In my tasting of Glengoyne 21-year-old vs GlenDronach 21-year-old, I was shocked to find the latter left a pretty undesired sulfuric aftertaste on my palate, especially after adding some water to this single malt. I’m also beginning to wonder about oxidization in this bottle, which, if I had to admit, has been open on my shelves for a few years now. I know, I know – I really should be drinking all this whisky. With that in mind, here I am, putting another dent into the bottle, albeit it’s still about two-thirds full. Plus, this is another chance for a GlenDronach to redeem itself, although, I’ll admit, it’s here next to one of my favourites, the Balvenie 21-year-old, a go-to for many celebratory occasions or when I simply have a sweeter tooth. Well, let’s find out, shall we? But first, we need music! Now playing: Clark – Body Riddle.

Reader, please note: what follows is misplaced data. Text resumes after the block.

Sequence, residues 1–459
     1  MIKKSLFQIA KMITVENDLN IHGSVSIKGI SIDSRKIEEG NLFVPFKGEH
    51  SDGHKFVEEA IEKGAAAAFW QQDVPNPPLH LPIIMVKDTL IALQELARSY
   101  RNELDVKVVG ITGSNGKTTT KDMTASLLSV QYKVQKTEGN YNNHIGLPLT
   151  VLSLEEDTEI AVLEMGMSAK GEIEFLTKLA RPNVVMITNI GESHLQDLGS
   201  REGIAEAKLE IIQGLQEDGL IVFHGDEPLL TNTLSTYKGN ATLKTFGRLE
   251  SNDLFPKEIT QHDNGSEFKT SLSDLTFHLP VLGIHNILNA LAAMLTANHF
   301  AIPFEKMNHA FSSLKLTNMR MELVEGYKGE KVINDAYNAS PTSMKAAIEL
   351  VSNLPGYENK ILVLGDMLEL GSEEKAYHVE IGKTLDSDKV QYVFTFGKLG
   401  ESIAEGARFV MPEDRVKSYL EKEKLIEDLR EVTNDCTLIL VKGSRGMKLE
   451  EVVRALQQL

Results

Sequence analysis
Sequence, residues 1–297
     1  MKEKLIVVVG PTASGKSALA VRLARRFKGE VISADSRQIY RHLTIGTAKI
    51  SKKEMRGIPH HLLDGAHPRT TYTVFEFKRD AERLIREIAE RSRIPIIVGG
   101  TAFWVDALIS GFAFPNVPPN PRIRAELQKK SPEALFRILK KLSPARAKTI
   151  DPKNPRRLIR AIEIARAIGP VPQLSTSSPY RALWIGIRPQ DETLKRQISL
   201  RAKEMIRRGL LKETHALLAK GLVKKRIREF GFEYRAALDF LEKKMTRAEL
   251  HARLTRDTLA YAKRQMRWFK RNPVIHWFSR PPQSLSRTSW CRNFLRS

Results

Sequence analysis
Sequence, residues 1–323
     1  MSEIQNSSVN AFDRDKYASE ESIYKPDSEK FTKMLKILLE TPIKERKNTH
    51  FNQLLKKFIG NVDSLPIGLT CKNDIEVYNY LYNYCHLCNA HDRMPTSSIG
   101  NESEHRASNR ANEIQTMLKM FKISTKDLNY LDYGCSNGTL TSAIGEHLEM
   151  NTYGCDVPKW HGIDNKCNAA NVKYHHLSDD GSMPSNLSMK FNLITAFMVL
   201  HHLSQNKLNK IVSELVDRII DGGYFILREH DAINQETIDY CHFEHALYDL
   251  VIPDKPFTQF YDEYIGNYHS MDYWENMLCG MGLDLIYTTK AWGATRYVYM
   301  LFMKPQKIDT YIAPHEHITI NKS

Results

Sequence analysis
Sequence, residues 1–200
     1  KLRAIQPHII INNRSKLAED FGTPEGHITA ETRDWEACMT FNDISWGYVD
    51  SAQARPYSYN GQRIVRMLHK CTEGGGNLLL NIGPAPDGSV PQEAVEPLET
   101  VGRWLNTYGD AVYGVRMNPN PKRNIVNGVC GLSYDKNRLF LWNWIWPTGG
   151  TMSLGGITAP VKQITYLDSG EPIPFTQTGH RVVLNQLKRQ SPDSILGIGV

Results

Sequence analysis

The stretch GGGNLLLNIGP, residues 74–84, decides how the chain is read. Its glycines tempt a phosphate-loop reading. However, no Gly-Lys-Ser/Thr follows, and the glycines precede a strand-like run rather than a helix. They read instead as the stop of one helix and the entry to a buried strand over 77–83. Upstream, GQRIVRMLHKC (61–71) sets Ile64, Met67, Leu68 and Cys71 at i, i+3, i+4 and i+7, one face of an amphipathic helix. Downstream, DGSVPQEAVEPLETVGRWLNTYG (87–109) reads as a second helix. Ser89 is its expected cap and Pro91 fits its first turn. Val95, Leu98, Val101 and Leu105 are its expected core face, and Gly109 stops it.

I pour myself both drams and let them stand for just a little. The rule of thumb here is “a year in the glass for each year in the cask” – so 20 minutes or so while I write this intro and build up my anticipation. I’ll take this opportunity to revisit the background on these two whiskies. The GlenDronach (which, for some reason, I haven’t been able to understand yet, is written in camelcase) is a Highland distillery in the valley of Forgue, near Aberdeenshire. It prides itself on its robust spirit matured in sherry casks, both used to host Oloroso and Pedro Ximénez. This 21-year-old is subtitled Parliament, named after the colony of rooks that have been nesting in the trees that overlook the distillery’s warehouses. “The distillery folk believe as long as the rooks remain at the distillery, it will be good for the whisky.” This single malt is part of GlenDronach’s core range. It is uncoloured and un-chill filtered, bottled at 48% ABV and sold for about £150 on a good day. I did a quick search, and there are not many of these bottles still available – so keep that in mind. This is a vatting of both ex-Oloroso and ex-PX aged whiskies at unknown proportions. Since the distillery was closed between 1996 and 2002, the whisky here may actually be older than its stated age of 21 (I’ve worked this out in the past, it’s probably something like a 24-year-old). It’s dark in colour, and pretty sherried on the nose, with sweet cherries, chocolate, and undisputed flavours of PX. I’ll leave it for another 10 minutes or so in the glass, cover the Balvenie, and return to both for the taste.